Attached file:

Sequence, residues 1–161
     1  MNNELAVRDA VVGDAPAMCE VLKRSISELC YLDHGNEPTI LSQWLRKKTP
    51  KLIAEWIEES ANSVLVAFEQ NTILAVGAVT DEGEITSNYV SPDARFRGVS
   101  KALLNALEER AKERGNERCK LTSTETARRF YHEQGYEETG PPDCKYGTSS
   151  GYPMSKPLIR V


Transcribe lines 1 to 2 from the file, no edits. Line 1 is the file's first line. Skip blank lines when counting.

Sequence, residues 1–161
     1  MNNELAVRDA VVGDAPAMCE VLKRSISELC YLDHGNEPTI LSQWLRKKTP